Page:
“All I have to say about these songs is that I love them, and want to sing along to them, and force other people to listen to them, and get cross when these other people don’t like them as much as I do. ”—Nick Hornby
What interests Nick Hornby? Songs, songwriters, everything, compulsively, passionately. Here is his ultimate list of 31 all-time favorite songs. And here are his smart, funny, and very personal essays about them, written with all the love and care of a perfectly mastered mixed tape…
The personal essays in Nick Hornby’s Songbook pop off the page with the immediacy and passion of an artfully arranged mix-tape. But then, who better to riff on 31 of his favorite songs than the author of that literary music-lover’s delight, High Fidelity?
“And mostly all I have to say about these songs is that I love them, and want to sing along to them, and force other people to listen to them, and get cross when these other people don’t like them as much as I do,” writes Hornby. More than his humble disclaimer, he captures “the narcotic need” for repeat plays of Nelly Furtado’s “I’m Like a Bird,” and testifies that “you can hear God” in Rufus Wainwright’s coy reinterpretation of his father Loudon’s “One Man Guy” (“given a neat little twist by Wainwright Junior’s sexual orientation…”). Especially poignant is his reaction to “A Minor Incident,” a Badly Drawn Boy song written for the soundtrack of the film version of Hornby’s book About a Boy. While Hornby was writing the book, his young son was diagnosed with autism—a fact that adds greater resonance to the seemingly unrelated song he hears much later: “I write a book that isn’t about my kid, and then someone writes a beautiful song based on an episode in my book that turns out to mean something much more personal to me than my book ever did.” Meandering asides and observations like this linger in your mind (just like a fantastic song) long after you’ve flipped past the final page.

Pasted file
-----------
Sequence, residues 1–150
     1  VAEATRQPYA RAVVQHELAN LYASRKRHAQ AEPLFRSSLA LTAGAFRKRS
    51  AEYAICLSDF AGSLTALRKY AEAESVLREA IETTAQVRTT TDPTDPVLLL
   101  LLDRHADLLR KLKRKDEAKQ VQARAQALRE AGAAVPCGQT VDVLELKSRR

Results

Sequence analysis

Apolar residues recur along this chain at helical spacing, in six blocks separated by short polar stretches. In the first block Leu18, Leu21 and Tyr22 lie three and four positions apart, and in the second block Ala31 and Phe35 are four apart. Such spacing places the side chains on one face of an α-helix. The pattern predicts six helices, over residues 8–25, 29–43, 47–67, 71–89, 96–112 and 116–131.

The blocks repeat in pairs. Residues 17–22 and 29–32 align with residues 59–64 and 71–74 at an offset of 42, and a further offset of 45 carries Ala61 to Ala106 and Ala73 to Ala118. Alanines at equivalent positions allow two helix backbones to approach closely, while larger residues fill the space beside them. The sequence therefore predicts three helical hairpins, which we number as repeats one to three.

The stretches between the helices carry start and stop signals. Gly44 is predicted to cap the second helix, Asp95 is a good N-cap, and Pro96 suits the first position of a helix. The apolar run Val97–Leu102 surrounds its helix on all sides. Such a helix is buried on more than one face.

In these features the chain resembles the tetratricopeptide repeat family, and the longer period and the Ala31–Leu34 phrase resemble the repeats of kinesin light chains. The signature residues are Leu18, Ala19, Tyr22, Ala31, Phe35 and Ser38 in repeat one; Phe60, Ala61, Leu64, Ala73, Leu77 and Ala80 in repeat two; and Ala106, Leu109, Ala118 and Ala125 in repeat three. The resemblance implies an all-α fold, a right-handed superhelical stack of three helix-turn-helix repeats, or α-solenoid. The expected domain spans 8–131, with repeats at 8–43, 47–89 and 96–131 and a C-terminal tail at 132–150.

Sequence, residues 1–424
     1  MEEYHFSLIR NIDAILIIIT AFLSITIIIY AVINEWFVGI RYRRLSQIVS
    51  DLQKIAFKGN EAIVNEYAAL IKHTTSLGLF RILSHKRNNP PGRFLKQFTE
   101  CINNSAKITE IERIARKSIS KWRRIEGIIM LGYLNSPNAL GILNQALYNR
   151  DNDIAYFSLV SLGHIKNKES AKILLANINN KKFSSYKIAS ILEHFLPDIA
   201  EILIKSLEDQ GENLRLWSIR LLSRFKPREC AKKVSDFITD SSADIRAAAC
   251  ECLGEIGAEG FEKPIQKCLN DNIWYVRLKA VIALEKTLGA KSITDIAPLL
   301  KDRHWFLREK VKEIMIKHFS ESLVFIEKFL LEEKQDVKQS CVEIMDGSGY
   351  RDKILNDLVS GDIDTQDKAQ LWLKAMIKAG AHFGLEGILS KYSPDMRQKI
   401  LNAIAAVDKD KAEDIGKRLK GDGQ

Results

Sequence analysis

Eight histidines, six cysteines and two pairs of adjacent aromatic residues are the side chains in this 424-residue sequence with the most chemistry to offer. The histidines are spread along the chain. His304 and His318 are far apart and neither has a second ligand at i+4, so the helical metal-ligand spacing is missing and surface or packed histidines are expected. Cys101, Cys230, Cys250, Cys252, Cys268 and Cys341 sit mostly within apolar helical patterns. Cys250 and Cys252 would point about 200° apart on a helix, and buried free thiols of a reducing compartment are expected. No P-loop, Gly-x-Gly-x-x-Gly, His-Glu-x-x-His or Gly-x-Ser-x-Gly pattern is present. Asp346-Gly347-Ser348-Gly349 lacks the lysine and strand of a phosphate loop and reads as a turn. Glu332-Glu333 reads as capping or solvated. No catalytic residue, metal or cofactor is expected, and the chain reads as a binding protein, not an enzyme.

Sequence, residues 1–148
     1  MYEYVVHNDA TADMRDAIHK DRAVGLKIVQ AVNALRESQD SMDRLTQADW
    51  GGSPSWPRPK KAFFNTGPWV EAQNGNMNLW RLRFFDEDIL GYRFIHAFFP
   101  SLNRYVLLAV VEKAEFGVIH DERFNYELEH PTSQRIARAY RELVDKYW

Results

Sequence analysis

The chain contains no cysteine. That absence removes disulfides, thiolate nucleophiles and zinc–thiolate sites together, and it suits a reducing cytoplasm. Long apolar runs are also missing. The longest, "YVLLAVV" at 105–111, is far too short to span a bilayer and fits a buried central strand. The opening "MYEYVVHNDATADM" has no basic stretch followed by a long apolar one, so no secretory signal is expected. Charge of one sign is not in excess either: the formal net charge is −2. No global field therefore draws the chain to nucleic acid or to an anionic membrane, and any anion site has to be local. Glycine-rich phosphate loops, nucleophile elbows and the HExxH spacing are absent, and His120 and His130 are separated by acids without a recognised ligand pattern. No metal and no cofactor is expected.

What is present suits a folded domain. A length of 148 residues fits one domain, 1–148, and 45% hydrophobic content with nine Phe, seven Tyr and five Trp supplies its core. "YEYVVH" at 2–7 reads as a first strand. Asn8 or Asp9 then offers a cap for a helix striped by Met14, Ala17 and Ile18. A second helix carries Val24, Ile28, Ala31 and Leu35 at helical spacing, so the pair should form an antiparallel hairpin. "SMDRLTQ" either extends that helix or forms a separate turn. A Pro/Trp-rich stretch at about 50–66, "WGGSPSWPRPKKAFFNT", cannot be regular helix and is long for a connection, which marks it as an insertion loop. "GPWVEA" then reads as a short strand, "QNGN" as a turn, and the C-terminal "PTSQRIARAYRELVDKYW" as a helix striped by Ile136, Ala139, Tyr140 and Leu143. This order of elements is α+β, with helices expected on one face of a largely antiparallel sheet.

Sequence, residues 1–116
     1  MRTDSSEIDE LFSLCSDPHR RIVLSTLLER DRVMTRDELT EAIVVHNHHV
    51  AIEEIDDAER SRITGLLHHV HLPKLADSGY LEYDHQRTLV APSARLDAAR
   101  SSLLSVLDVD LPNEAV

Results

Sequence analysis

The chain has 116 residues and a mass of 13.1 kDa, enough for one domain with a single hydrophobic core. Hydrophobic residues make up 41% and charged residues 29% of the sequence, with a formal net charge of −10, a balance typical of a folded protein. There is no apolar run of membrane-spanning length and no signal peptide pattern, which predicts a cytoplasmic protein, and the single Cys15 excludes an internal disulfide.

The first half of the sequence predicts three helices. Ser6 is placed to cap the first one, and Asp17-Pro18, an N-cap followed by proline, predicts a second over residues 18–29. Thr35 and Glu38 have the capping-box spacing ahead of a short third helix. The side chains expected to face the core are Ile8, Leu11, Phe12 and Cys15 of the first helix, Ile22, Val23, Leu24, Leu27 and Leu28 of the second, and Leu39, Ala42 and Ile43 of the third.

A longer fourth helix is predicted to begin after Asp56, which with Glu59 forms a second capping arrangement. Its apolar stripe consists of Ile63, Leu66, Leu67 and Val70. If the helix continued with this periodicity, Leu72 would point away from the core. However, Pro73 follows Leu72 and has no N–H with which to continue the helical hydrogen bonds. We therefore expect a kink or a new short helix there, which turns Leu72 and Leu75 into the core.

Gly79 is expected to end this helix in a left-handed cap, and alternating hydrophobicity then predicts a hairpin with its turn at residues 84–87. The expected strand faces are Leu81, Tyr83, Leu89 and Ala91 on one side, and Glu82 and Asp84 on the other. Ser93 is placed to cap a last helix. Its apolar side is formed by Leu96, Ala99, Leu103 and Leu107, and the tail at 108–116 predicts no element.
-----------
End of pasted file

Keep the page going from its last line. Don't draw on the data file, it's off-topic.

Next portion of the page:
The 11-song CD that accompanies the book is a great touch, but it’s too bad it doesn’t contain all of the featured songs—most likely the unfortunate result of licensing difficulties. Overall, Hornby’s pitch-perfect prose, the quirky illustrations from Canadian artist Marcel Dzama, and a good cause—proceeds benefit TreeHouse, a U.K. charity for children with autism, and 826 Valencia, the nonprofit Bay Area learning center—add up to make Songbook a hit. Solid gold. —Brad Thomas Parsons